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Nor mirth, nor sweetest song that flows
Even while I muse, I see thee sit
We stayed and wooed, and thought the moon
Or lingered mid the falling dew,
Though I see smiling at thy feet
O, when more thought we gave, of old,
At times there come, as come there ought,
THE POET'S SONG TO HIS WIFE.
How many summers, love,
Time, like the winged wind When 't bends the flowers, Hath left no mark behind,
To count the hours!
Some weight of thought, though loath, On thee he leaves;
Some lines of care round both
Perhaps he weaves;
Some fears, a soft regret
For joys scarce known; Sweet looks we half forget;
All else is flown!
Ah!-With what thankless heart
Look, where our children start,
With tongues all sweet and low
IF THOU WERT BY MY SIDE, MY LOVE.
If thou, my love, wert by my side,
How gayly would our pinnace glide
I miss thee at the dawning gray,
I miss thee when by Gunga's stream
I spread my books, my pencil try,
But when at morn and eve the star
I feel, though thou art distant far,
Then on then on! where duty leads,
O'er broad Hindostan's sultry meads,
That course nor Delhi's kingly gates, Nor mild Malwah detain;
For sweet the bliss us both awaits
By yonder western main.
Thy towers, Bombay, gleam bright, they say, Across the dark blue sea;
But ne'er were hearts so light and gay
As then shall meet in thee!
JOHN ANDERSON, MY JO. JOHN ANDERSON, my jo, John, When we were first acquent, Your locks were like the raven, Your bonnie brow was brent; But now your brow is beld, John, Your locks are like the snaw; But blessings on your frosty pow, John Anderson, my jo.
John Anderson, my jo, John,
We clamb the hill thegither; And mony a canty day, John,
We've had wi' ane anither. Now we maun totter down, John, But hand in hand we'll go : And sleep thegither at the foot, John Anderson, my jo.
And, love, what changes we have seen,
cares and pleasures, too,
Though cares we've known, with hopeful hearts the worst we've struggled through;
Since you became my own dear wife, when this Blessed be his name for all his love since this
old ring was new!
Your aged eyes will see in mine all they've still shown to you,
Mild is Maire bhan astór,
Mine is Maire bhan astór,
And mine in yours all they have seen since this old ring was new.
O FAIREST of creation, last and best Of all God's works, creature in whom excelled Whatever can to sight or thought be formed, Holy, divine, good, amiable, or sweet! How art thou lost, how on a sudden lost, Defaced, deflowered, and now to death devote! Rather, how hast thou yielded to transgress The strict forbiddance, how to violate
The sacred fruit forbidden! Some curséd fraud
How can I live without thee, how forego
And too impatiently stamped with your foot:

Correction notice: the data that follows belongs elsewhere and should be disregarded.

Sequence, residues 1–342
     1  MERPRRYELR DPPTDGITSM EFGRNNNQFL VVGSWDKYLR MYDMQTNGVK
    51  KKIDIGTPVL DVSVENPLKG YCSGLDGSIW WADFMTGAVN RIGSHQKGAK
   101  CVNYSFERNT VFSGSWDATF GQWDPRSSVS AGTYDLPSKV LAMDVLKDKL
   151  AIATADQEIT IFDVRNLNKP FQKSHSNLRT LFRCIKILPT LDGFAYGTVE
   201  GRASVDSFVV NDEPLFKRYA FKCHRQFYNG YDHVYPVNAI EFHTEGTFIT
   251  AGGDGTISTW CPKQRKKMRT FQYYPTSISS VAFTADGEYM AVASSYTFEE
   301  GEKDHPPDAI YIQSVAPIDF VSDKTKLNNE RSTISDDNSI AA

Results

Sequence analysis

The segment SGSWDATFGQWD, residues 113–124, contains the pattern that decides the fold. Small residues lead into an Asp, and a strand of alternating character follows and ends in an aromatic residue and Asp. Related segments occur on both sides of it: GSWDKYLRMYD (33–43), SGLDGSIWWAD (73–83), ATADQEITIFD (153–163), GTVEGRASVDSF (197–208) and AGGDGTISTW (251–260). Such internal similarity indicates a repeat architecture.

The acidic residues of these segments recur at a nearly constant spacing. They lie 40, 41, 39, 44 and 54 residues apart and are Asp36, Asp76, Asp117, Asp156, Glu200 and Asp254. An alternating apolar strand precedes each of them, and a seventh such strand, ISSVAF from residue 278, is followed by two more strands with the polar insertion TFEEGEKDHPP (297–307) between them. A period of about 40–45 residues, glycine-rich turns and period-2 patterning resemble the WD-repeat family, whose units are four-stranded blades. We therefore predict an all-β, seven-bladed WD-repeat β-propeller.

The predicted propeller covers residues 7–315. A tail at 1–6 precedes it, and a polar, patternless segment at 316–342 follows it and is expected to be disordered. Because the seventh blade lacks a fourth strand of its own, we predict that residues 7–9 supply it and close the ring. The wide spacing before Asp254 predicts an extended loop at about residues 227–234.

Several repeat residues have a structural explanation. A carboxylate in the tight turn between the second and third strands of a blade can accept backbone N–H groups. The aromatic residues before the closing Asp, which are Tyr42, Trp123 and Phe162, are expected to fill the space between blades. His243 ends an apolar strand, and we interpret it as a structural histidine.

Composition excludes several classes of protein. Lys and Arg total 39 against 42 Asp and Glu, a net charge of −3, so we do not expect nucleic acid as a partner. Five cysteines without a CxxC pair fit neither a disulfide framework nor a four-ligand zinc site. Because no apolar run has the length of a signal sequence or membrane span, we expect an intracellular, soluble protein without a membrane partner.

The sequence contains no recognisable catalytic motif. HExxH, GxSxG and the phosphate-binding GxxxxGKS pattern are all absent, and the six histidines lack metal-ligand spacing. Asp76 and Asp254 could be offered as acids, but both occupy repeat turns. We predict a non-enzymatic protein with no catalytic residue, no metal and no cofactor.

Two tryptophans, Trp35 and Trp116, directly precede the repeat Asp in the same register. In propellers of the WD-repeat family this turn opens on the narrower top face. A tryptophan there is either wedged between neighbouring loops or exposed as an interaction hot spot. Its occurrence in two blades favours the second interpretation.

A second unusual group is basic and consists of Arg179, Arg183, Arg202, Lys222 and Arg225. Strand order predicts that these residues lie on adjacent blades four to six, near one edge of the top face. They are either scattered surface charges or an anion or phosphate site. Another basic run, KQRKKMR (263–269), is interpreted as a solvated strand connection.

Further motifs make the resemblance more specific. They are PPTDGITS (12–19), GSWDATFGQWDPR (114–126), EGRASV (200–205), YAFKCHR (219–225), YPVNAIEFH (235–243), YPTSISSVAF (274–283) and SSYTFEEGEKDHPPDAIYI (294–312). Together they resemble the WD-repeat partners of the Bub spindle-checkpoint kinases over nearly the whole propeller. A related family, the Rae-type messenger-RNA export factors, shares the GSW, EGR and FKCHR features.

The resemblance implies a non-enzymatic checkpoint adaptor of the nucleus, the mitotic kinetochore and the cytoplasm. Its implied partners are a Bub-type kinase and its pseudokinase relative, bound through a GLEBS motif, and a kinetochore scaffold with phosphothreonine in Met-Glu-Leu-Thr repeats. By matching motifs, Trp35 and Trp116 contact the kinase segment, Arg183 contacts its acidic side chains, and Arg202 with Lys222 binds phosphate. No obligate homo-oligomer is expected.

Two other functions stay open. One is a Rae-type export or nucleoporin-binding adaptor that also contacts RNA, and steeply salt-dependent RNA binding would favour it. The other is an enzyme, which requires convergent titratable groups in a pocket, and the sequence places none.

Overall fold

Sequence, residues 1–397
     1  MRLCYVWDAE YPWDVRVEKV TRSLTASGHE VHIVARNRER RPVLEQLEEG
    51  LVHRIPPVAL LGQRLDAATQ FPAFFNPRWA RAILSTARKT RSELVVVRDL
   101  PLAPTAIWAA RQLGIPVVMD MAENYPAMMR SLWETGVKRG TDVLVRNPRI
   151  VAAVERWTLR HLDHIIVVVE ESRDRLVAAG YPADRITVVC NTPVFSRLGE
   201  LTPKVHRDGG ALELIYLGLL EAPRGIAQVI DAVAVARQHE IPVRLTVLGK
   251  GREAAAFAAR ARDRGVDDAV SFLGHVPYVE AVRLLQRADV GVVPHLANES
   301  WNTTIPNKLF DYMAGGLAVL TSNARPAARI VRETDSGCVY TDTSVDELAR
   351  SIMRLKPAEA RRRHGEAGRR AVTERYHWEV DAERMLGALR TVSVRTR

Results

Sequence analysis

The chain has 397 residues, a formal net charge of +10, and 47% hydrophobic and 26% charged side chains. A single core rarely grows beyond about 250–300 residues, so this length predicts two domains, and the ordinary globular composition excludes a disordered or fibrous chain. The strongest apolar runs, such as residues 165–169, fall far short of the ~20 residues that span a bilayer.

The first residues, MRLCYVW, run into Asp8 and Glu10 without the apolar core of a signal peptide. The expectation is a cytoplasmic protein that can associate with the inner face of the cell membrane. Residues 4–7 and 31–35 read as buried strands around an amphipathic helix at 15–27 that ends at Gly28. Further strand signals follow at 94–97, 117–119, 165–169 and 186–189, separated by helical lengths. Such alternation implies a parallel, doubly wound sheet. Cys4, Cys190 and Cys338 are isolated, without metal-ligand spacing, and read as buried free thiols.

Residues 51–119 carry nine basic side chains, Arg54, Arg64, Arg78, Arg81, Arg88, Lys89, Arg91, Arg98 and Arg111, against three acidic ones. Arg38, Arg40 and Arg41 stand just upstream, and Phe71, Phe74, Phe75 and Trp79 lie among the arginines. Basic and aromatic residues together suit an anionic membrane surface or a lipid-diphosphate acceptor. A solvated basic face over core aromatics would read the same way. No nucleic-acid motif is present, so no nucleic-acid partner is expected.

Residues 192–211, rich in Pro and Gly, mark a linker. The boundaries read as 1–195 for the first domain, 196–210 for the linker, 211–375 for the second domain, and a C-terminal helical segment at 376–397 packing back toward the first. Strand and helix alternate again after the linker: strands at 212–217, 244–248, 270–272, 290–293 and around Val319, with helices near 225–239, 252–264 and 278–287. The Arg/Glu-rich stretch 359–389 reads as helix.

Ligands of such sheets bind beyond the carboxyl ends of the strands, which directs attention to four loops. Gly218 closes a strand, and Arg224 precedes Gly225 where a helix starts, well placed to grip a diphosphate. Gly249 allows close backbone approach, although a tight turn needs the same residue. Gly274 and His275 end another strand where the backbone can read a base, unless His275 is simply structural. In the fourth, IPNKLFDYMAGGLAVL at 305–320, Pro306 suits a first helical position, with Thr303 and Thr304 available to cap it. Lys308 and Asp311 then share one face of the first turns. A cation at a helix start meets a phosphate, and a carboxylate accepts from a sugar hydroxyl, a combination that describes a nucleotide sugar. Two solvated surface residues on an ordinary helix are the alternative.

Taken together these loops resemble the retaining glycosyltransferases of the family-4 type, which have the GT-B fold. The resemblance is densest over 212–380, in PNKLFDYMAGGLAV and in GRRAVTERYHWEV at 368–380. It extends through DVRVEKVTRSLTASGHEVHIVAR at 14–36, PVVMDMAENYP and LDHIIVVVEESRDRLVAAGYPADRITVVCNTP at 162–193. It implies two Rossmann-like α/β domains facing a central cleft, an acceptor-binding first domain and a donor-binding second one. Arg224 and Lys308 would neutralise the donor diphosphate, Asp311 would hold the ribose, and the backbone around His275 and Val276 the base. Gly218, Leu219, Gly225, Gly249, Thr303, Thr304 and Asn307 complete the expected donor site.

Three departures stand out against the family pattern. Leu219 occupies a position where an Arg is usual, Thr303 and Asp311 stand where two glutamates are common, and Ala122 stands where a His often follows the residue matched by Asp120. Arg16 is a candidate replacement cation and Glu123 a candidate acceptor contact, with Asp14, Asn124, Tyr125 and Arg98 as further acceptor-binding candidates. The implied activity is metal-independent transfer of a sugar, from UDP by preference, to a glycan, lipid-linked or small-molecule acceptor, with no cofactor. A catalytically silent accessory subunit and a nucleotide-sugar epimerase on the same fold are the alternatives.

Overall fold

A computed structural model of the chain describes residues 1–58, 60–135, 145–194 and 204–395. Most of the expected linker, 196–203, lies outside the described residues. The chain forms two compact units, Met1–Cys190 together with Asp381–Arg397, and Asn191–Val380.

It will not let you eat, nor talk, nor sleep,
POR. Brutus is wise, and were he not in health, He would embrace the means to come by it.
BRU. Why, so I do :-good Portia, go to bed. POR. Is Brutus sick, —and is it physical To walk unbraced, and suck up the humors Of the dank morning? What, is Brutus sick, And will he steal out of his wholesome bed, To dare the vile contagion of the night, And tempt the rheumy and unpurgéd air To add unto his sickness? No, my Brutus ; You have some sick offence within your mind, Which, by the right and virtue of my place, I ought to know of: And upon my knees I charm you, by my once commended beauty, By all your vows of love, and that great vow Which did incorporate and make us one, That you unfold to me, yourself, your half, Why you are heavy; and what men to-night Have had resort to you, for here have been Some six or seven, who did hide their faces Even from darkness.
Kneel not, gentle Portia. POR. I should not need, if you were gentle Brutus.
Within the bond of marriage, tell me, Brutus,
To keep with you at meals, comfort your bed, And talk to you sometimes? Dwell I but in the
Of your good pleasure? If it be no more,
BRU. You are my true and honorable wife;
POR. If this were true, then should I know
I grant I am a woman; but, withal,
A woman that Lord Brutus took to wife :
Why, now, you no longer are fatal, but ugly and And immortal as every great soul is that strughateful, I swear."
At which she laughed out in her scorn, men! O, these men overnice,
gles, endures, and fulfils.
"These "I love my Walter profoundly, -you, Maude, though you faltered a week,
Who are shocked if a color not virtuous is frankly For the sake of... what was it? an eyebrow ? or,
put on by a vice."
Her eyes blazed upon him
"And you! You bring us your vices so near That we smell them! You think in our presence a thought 't would defame us to hear!
"What reason had you, and what right, — I appeal to your soul from my life,
less still, a mole on a cheek?
"And since, when all's said, you 're too noble to stoop to the frivolous cant
About crimes irresistible, virtues that swindle, betray, and supplant,
"I determined to prove to yourself that, whate'er you might dream or avow
To find me too fair as a woman? Why, sir, I am By illusion, you wanted precisely no more of me
pure, and a wife.
than you have now.
["In the Parish of St. Neots, Cornwall, is a well, arched over with the robes of four kinds of trees, withy, oak, elm, and ash, — and dedicated to St. Keyne. The reported virtue of the water is this, that, whether husband or wife first drink thereof, they get the mastery thereby."- FULLER.]
A WELL there is in the West country,